--

Paige Miller

Paige Miller

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Yes, I'm using components derived from PCR via PLS in the comparison.

Thanks.

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Yes, I have also run proc pls using the pls method. Sorry if my earlier statement was confusing.

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Here's one place to start: "How to interpret graphs in a principal component analysis."

The Getting Started section of the SAS/STAT documentation for PROC PRINCOMP is another place. The PLS procedure in SAS/STAT supports many many graphs. Again, see the Getting Started example in the doc.

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I now have many options to choose from, thank you, Rick!

I initially run the RRR without splitting the sample and obtained 4 factors from 4 response variables.

However, after splitting the sample as follows:

**proc** **pls** data=morph method=RRR CV=split Cvtest(seed=**12345**)

nfac=**4** varss details;

model exclbf PBf exclFf Sol = &xlist;

output out=pattern_morph1 xscore=scorePred yscore=scoreResp;

**run**;

The minimum number of factors is zero based on minimum root mean PRESS? My sample size is 350.

Thanks

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Also, I'm trying to use the correlation loading plot, but it appears my observations are not well spaced out and I can't see the labelled response variables within the plot to assess correlations. I only added

plot=corrload(nfac=**3**) to the data line in the above code.

Many thanks.

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Alright, so I haven't found any solutions for my correlation loading plot yet. I have a lot of predictor variables (reason for using the dimensionality reduction technique) which mask my response variables in the plot.

I was wondering if I could use the output factors/components derived from each method, i.e. pcr and rrr to plot correlations with the Y response variables as horizontal bars in proc sgplot?

Many thanks.

Emma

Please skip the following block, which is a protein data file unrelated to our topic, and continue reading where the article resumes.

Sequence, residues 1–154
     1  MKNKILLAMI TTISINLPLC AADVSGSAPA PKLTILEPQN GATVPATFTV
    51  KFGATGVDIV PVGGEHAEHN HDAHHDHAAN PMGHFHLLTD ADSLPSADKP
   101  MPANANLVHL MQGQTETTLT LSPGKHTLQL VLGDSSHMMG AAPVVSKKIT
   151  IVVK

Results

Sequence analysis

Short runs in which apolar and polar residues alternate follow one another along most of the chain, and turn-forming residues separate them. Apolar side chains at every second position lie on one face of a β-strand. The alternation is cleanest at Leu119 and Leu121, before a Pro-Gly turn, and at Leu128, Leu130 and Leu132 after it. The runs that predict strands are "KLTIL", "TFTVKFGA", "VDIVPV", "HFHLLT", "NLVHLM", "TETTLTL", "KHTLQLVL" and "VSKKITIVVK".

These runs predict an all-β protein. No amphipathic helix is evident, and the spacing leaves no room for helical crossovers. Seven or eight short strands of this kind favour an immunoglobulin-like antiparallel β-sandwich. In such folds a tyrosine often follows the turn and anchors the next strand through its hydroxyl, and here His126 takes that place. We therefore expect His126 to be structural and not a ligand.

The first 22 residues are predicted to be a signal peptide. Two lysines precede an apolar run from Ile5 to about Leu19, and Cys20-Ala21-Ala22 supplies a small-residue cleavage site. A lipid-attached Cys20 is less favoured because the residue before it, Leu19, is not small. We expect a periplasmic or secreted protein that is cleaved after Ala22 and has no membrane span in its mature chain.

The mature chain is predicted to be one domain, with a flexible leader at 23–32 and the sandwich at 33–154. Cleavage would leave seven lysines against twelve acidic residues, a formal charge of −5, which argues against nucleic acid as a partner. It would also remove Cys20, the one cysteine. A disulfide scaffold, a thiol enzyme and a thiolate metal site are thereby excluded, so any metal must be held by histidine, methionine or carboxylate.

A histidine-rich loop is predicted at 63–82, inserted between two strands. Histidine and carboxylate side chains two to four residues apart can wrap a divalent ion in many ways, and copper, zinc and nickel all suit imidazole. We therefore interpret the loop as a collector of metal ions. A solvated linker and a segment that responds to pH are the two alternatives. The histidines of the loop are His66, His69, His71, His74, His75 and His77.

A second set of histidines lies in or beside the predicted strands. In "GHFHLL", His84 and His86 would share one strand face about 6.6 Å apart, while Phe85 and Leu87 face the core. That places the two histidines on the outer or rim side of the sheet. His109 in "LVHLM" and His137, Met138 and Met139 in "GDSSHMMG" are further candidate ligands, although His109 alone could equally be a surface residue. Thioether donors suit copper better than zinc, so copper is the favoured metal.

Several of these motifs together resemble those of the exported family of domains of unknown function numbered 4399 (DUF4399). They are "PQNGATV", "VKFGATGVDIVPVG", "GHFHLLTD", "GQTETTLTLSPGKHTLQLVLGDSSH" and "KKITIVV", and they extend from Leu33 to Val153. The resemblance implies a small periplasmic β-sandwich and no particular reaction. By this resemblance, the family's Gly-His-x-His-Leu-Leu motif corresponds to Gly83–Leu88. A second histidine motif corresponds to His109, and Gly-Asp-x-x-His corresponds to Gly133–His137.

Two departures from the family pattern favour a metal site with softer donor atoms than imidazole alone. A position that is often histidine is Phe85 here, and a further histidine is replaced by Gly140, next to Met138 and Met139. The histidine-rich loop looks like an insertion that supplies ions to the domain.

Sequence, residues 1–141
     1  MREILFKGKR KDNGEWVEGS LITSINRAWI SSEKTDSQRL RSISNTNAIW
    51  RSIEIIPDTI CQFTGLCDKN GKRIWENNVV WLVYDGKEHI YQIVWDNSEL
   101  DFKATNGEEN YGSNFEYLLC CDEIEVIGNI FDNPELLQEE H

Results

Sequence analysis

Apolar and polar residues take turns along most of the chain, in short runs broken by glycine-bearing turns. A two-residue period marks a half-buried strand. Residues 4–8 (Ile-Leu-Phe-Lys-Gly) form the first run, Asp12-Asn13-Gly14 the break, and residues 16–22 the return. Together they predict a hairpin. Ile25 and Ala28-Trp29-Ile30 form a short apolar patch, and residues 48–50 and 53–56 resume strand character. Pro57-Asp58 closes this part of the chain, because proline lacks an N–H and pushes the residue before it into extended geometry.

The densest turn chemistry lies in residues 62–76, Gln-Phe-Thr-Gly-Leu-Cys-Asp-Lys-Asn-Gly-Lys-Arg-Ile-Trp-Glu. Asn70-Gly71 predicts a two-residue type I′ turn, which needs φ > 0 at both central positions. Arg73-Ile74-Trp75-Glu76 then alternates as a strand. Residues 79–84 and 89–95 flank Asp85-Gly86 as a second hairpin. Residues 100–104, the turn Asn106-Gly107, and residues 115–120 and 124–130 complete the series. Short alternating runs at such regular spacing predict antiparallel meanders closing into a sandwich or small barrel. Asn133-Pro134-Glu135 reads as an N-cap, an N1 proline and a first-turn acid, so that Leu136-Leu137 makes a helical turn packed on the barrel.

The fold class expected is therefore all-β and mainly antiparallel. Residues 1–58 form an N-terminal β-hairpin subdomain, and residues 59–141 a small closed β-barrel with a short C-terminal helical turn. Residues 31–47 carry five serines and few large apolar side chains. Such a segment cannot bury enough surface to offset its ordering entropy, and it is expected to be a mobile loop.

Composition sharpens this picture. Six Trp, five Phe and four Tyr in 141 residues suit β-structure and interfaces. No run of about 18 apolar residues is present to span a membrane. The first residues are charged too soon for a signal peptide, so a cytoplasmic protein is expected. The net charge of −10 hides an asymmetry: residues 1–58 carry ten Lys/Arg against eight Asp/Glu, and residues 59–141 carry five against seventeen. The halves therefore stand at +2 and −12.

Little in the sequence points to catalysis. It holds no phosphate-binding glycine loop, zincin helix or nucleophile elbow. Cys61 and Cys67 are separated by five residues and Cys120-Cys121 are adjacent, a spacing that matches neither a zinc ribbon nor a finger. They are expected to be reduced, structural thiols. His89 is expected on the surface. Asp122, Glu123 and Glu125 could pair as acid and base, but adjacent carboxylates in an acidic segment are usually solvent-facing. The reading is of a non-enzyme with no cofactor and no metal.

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If you don't have too many variables, you can order the pairwise correlations and use a bar chart to visualize, as shown in the article "Use a bar chart to visualize pairwise correlations ."

The same article shows a heat map of the correlation matrix, which is an alternative visualization.

I don't know exactly what you are doing, but some dimension-reduction plots project the response variable onto the span of the first two dimensions for the reduced space. (For example, the first two principal components.) You state: "I have a lot of predictor variables ... *which mask my response variables in the plot*." I don't know what you mean by "mask," but one interpretation is that the first two dimensions are not good predictors of the responses. If so, the projection of the responses will be near the origin and hard to see. In other words, the problem you are seeing might not be a visualization problem, it might be a statistical problem caused because your model does not fit the data.

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Wow, I think your latter comments could be the explanation. However, before I ask further question on that I tried to do the pairwise correlations as per your link.

This was my original model:

ODS graphics on;

**proc** **pls** data=work method=RRR varss details plot=corrload(nfac=**3** trace=on);

model exclbf PBf6 exclFf Sol = &xlist;

output out=pattern_morph1(rename=(scorePred1=Health scorePred2=Junk scorePred3=Mixed)) xscore=scorePred yscore=scoreResp;

**run**;

ods exclude all;

**proc** **corr** data=pattern_morph1; /* pairwise correlation */

var Health Junk Mixed;

with scoreResp1 scoreResp2 scoreResp3;

ods output PearsonCorr = Corr; /* write correlations, p-values, and sample sizes to data set */

**run**;

ods exclude none;

numCols = ncol(mCorr); /* number of variables */

numPairs = numCols*(numCols-**1**) / **2**;

length = **2***nleng(ColNames) + **5**; /* max length of new ID variable */

PairNames = j(NumPairs, **1**, BlankStr(length));

i = **1**;

do row= **2** to numCols; /* construct the pairwise names */

do col = **1** to row-**1**;

PairNames[i] = strip(ColNames[col]) + " vs. " + strip(ColNames[row]);

i = i + **1**;

end;

end;

lowerIdx = loc(row(mCorr) > col(mCorr)); /* indices of lower-triangular elements */

Corr = mCorr[ lowerIdx ];

Prob = mProb[ lowerIdx ];

Significant = choose(Prob > **0.05**, "No ", "Yes"); /* use alpha=0.05 signif level */

Unlike the correlation loading plot, I'm not sure if it's best to use the original response variables or the Y scores from modelling?

create CorrPairs var {"PairNames" "Corr" "Prob" "Significant"};

append;

close;

**QUIT**;